About the Virginia Revolutionary War Public Service Claims

About the Collection |
Format of Collection | Related Resources

About the Collection

Virginia Revolutionary War Public Service Claims

The various records that comprise the Public Service Claims collection relate to claims for compensation from the state made by Virginia citizens for materials, supplies, and personal services provided to the militia, State, and Continental troops during the Revolutionary War. The collection consists of several types of documents: certificates, court booklets, lists, indexes, and commissioners' books.

The Legislature, sitting in session between 4 May 1780 and 14 July 1780, passed "An act for procuring a supply of provisions and other necessaries for the use of the Army" [Hening 10:233-237]. This act, extended in other sessions, authorized the governor to appoint commissioners within each county to carry out the terms of the act.

The commissioners issued receipts, or certificates, to individuals for materials and services provided. The front of the certificates included the name of the individual, the date, a description of the item (including quantity and weight), and its value. The back of the certificates often contained an assignment of the right to reimbursement signed by the original owner. The certificates and any other available documentation was presented to the county court during special sessions held between 1781 and 1783. Certificates were examined and authenticated by the courts, and the amount of compensation was determined. Information pertaining to claims that were approved was recorded by the court clerk in court booklets which were sent to the public service claims commissioners' office in Richmond. The local provision law commissioners and deputy commissaries also kept lists of the foodstuffs, animals and other provisions that were collected in each county.

Two public service claims commissioners were appointed by the governor in 1783 to authorize reimbursement for materials and services provided. Individuals or their agents went to the commissioners' office in Richmond where payment on their claims was approved based on information contained in the certificates and court booklets. These transactions were recorded in the commissioners' books. The information recorded included the number of claims involved in the transaction, the name of the individual, descriptions and valuations of the property, and the date payment was authorized. The individual or his agent was then issued a warrant by the auditor of public accounts which he in turn took to the state treasurer's office for payment.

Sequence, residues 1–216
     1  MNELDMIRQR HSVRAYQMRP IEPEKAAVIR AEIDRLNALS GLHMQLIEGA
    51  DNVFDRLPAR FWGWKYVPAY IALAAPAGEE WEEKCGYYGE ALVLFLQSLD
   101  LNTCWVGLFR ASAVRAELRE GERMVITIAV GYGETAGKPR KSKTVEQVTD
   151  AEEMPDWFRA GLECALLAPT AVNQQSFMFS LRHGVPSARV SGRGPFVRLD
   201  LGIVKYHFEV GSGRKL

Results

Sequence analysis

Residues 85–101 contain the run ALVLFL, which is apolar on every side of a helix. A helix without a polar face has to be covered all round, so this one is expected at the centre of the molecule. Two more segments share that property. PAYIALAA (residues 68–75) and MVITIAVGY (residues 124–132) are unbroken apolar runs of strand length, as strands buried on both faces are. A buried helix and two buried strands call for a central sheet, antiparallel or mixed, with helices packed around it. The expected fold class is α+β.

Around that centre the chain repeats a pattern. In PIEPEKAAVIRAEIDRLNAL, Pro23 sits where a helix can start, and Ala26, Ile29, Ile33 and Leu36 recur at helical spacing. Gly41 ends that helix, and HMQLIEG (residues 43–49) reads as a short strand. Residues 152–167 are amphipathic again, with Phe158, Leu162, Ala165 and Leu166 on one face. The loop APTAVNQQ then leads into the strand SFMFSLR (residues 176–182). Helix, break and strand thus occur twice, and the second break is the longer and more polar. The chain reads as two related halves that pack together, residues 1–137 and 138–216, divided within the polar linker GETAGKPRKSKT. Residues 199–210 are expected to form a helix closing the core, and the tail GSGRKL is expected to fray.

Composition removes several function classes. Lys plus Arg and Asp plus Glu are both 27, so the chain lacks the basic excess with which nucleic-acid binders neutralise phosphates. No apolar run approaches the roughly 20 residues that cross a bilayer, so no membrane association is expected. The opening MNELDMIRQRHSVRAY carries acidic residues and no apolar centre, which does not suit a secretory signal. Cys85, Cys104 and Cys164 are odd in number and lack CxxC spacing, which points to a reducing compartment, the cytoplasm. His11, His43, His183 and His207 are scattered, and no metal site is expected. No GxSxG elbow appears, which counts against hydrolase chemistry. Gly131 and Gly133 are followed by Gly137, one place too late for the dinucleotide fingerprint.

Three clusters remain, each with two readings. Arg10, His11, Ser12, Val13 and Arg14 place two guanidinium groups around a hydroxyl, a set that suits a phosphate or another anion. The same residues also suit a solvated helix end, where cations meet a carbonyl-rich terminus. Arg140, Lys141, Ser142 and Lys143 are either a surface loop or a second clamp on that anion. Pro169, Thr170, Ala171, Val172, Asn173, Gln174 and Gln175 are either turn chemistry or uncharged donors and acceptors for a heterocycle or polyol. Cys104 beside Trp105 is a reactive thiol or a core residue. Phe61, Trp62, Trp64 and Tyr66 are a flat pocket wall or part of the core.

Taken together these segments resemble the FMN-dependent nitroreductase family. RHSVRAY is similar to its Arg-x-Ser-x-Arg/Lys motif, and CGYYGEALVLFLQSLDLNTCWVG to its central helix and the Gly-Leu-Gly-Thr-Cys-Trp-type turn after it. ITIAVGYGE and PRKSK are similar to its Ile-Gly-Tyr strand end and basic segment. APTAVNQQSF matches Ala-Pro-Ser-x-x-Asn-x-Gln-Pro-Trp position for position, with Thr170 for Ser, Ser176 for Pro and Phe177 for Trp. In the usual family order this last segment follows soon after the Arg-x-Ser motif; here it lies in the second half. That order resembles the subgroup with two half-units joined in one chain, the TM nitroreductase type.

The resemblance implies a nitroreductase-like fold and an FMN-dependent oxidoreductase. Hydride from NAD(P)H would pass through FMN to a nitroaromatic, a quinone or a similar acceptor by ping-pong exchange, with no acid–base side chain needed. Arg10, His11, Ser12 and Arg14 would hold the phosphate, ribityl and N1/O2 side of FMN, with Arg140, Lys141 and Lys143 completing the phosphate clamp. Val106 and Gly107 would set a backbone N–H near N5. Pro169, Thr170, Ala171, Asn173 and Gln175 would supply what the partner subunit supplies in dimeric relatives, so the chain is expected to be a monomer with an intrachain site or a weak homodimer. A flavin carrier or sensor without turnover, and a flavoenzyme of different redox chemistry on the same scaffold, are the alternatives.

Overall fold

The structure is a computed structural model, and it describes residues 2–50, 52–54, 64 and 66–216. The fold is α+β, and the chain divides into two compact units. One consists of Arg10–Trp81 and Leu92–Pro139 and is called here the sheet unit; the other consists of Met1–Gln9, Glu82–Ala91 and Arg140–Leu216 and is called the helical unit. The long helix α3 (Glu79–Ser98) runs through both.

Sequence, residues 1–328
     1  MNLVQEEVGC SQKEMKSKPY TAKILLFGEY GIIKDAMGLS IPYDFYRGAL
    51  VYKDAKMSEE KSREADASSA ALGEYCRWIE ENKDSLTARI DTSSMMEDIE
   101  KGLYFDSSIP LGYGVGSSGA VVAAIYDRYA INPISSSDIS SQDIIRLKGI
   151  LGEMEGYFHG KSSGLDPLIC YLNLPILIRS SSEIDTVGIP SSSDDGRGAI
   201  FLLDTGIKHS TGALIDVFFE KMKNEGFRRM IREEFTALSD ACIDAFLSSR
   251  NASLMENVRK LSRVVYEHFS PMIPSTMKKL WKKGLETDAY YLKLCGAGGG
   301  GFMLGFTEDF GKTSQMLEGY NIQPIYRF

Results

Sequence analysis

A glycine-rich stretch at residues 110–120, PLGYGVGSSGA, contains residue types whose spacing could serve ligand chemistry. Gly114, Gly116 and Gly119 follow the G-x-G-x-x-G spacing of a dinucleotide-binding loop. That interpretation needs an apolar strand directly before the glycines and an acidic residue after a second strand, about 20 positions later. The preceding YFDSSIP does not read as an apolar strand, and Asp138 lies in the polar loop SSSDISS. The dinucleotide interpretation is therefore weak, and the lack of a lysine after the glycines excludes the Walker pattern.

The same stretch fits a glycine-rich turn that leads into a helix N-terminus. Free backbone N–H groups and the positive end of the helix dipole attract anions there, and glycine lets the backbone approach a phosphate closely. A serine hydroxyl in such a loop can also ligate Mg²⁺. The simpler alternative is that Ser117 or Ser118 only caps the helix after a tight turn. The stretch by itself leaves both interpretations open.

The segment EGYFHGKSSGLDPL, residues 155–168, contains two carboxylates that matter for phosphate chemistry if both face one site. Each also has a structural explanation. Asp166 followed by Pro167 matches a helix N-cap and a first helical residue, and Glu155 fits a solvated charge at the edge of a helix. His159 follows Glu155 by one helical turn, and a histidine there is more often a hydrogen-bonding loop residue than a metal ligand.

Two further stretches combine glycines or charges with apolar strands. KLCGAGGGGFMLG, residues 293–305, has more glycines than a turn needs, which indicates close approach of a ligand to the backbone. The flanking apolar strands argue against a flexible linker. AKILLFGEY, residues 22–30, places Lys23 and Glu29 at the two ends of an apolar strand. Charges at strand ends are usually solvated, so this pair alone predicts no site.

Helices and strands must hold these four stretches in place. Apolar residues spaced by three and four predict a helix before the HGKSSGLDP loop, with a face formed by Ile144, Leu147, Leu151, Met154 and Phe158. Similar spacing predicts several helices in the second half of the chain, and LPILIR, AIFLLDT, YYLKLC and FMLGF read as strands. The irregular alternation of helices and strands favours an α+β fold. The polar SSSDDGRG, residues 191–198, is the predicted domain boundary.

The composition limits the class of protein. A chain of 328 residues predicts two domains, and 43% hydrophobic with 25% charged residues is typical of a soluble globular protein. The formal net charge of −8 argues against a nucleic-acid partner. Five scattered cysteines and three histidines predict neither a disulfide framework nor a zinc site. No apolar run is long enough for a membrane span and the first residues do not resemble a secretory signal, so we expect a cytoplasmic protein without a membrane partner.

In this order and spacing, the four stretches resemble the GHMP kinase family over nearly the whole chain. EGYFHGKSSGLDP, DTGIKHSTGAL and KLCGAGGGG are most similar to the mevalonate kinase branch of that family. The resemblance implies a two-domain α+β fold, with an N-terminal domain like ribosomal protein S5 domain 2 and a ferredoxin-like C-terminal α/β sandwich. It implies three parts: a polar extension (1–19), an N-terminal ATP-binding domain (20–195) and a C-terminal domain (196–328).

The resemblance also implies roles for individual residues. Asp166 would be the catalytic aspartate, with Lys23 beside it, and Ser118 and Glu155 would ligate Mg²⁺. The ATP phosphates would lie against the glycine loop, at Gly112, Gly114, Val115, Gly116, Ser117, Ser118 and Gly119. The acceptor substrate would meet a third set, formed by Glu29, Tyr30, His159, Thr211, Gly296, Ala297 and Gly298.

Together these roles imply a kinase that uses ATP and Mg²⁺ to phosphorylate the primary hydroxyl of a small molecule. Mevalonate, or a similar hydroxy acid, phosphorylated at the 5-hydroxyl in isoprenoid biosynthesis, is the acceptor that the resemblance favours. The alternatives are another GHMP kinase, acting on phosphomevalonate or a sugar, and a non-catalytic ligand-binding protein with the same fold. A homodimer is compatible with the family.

The Revolutionary War Public Service Claims records are part of: Records of the Executive Branch. Auditor of Public Accounts (Record Group 48) and are listed on page 15, of A Guide to State Records in the Archives Branch. The records are also further described in entry no. 241-243 in Auditor of Public Accounts Inventory (Auditor of Public Accounts. Administration of State Government: Military Expenditures - Revolutionary War. Public Claims. Impressed Property Claims).

Format of Collection

Certificates. 1780-1783 The certificates (6 feet, 3 inches) are arranged by locality and then alphabetically by the name of the claimant. There are also 27 negative photostat volumes that reproduce the fronts of the certificates.

Court Booklets, Indexes, and Lists. 1781-1783 These records (4 feet) summarize the information on the certificates and are arranged by locality and sub-arranged by the date of the court session on which the claims were returned. Lists are also arranged by locality and then chronologically by the date the provisions were impressed.

Commissioner's Books. 1783 The commissioner's books (5 v.) are arranged chronologically by the date payments were authorized.


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